• rate this
    +4

    Comment number 17.

    Cannabis should be decriminalised and people should not just be able to possess it but should be able to cultivate it for themselves.

    It's just a plant and it's quick and easy to grow and doesn't turn people into idiots like alcohol can do if they drink too much.

    If you smoke too much your just going to order a pizza and fall asleep.

  • rate this
    -7

    Comment number 16.

    A comparison is often made with alcohol.
    The conventional hard and soft drugs are very high value for small volume, compared to say beer or vodka, so there is every incentive for supply and consumption to operate outside any form of regulation.
    Or safety.
    Criminality should stay.

  • rate this
    +4

    Comment number 15.

    MP's vote in public, so we all know their position. This avoids the situation of an MP saying one thing and acting differently. However, the public vote gives the whips their power to control MP's who may feel obliged to tow the party line, despite perhaps wishing to vote in opposition. There should be opportunities for votes to be cast secretly, as this would enable true opinions to be expressed.

  • rate this
    +1

    Comment number 14.

    How about two changes to the law:


    A/. Decriminalise all currently illegal drugs

    B/. Put a legal obligation on anyone selling any form of drug to ensure the drug is safe when taken at appropriate doses


    That way if anyone sold, for example, heroin laced with anthrax, they'd be liable to a long prison term so the emphasise moves to clean drugs, not the tainted ones that kill/maim....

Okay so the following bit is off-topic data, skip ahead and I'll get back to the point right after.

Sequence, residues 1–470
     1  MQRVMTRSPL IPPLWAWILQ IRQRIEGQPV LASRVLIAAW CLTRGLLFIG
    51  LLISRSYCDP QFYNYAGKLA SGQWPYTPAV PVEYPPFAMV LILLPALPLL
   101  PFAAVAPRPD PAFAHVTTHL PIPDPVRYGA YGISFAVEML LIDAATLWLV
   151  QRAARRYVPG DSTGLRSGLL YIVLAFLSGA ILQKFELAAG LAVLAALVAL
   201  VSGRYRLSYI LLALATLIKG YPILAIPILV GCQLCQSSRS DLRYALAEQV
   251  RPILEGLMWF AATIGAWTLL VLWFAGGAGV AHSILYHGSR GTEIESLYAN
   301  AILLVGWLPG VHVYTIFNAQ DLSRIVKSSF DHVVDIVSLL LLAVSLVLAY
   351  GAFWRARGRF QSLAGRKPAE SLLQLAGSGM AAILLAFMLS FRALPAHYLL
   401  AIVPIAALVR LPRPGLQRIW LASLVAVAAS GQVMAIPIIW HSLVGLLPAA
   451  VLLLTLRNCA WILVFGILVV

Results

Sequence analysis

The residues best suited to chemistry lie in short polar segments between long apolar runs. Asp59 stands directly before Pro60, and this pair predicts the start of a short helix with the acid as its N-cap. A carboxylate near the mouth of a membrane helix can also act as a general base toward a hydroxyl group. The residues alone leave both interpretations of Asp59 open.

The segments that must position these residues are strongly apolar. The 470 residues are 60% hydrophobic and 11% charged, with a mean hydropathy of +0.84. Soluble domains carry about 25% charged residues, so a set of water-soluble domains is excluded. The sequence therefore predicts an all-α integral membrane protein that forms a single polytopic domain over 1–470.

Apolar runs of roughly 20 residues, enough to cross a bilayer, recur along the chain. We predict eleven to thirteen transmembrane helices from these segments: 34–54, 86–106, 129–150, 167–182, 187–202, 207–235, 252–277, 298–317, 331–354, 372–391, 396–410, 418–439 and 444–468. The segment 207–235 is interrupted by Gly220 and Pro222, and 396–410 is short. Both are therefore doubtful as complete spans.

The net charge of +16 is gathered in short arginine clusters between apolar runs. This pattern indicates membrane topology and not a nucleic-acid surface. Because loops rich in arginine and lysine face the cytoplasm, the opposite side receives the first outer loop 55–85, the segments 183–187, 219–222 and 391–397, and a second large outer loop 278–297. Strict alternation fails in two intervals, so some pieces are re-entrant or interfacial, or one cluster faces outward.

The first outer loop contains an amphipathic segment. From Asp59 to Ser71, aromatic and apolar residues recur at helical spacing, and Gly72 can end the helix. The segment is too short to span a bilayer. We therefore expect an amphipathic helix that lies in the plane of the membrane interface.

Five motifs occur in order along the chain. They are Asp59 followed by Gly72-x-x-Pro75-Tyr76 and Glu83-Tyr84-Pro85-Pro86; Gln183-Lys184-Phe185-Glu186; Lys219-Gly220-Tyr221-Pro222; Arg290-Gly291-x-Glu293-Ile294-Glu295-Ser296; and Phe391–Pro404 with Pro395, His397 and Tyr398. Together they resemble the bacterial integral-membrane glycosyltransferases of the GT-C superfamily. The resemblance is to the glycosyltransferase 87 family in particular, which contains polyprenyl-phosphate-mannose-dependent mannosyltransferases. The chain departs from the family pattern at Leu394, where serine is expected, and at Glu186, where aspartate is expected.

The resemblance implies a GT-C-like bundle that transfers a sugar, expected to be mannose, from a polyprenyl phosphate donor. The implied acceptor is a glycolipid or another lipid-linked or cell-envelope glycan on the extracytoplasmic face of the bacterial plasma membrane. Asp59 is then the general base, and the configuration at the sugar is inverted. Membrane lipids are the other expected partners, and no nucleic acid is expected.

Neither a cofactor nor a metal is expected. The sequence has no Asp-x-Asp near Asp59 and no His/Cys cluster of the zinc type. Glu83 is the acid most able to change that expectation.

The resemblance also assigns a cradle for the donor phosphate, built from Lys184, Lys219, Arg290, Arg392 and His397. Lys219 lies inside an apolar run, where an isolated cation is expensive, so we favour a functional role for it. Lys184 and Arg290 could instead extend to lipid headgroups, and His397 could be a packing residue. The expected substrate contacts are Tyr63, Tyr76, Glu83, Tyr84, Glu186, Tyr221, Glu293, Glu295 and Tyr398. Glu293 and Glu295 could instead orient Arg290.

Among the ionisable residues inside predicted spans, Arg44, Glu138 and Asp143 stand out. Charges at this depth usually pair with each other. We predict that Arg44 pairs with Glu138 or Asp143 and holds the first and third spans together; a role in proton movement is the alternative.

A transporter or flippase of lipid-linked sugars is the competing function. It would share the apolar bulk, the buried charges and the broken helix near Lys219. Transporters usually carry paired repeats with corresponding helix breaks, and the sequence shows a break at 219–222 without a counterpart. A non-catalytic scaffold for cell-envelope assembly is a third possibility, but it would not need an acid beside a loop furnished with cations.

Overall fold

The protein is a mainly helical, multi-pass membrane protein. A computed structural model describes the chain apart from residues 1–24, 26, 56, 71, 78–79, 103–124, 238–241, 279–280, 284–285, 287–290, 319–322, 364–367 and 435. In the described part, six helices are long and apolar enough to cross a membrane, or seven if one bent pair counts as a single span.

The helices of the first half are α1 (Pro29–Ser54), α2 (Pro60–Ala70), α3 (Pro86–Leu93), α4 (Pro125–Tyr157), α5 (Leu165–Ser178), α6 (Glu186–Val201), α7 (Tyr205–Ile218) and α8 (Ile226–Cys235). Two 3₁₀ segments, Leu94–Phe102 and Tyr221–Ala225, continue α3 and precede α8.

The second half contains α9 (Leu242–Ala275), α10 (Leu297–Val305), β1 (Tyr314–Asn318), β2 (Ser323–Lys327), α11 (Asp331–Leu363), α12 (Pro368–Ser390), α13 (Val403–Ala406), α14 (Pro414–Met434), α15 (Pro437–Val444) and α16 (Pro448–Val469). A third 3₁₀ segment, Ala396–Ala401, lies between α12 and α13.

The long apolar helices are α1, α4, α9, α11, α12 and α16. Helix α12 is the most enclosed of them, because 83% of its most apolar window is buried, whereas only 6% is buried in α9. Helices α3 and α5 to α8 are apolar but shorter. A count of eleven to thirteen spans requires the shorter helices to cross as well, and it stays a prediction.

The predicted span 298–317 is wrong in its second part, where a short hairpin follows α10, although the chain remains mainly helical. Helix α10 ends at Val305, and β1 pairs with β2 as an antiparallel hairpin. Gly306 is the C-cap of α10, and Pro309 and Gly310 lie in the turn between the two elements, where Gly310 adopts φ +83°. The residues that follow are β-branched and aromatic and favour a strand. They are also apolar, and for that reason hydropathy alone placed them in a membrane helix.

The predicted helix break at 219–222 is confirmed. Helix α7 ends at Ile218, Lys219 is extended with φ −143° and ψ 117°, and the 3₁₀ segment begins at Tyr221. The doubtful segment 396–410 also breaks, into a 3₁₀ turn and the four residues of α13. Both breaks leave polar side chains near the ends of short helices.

• rate this
    +5

    Comment number 13.

    It would be hard for many MPs to do an about turn as far as their opinions on drug legislation go because of all the garbage and scare story's that they love to spout.
    .
    JamesStGeorge got it in one "Politicians do not think about drugs at all. They think about votes. So regardless of the obvious, and scientific advice, they believe the public wants drug users to be persecuted"

  • rate this
    +7

    Comment number 12.

    Politicians do not think about drugs at all. They think about votes. So regardless of the obvious, and scientific advice, they believe the public wants drug users to be persecuted, it makes them feel good to have an identified 'bad' group to deal with. Law and order industry loves it as it keep them in high paid jobs. Legalise and tax, known contents, keep money out of criminals hands.

  • rate this
    +8

    Comment number 11.

    When it costs thousands of pounds in police time, court time and prison time for using a substance less dangerous than alcohol and cigarette smoking.
    Where is the logic in it?

    Legalising it will save money
    Quality control will ensure the right stuff gets used
    And you can tax it.

    There's my logic.

  • rate this
    +5

    Comment number 10.

    I put this to you then.. It is easier to deal with the like's of a few known Classified substance's then that of the "40 new legal high's a year".. Which also cause larger damage's in health (since there not as potent to there chemical harm). The war on drug's is lost.. The point it where will we cut our losses?

  • rate this
    +9

    Comment number 9.

    Its simplistic to say this but it just goes to prove that our movers and shakers really do live in a world completely detached from reality - add this to the recent milliband comments about immigration and our national decline becomes all too believable!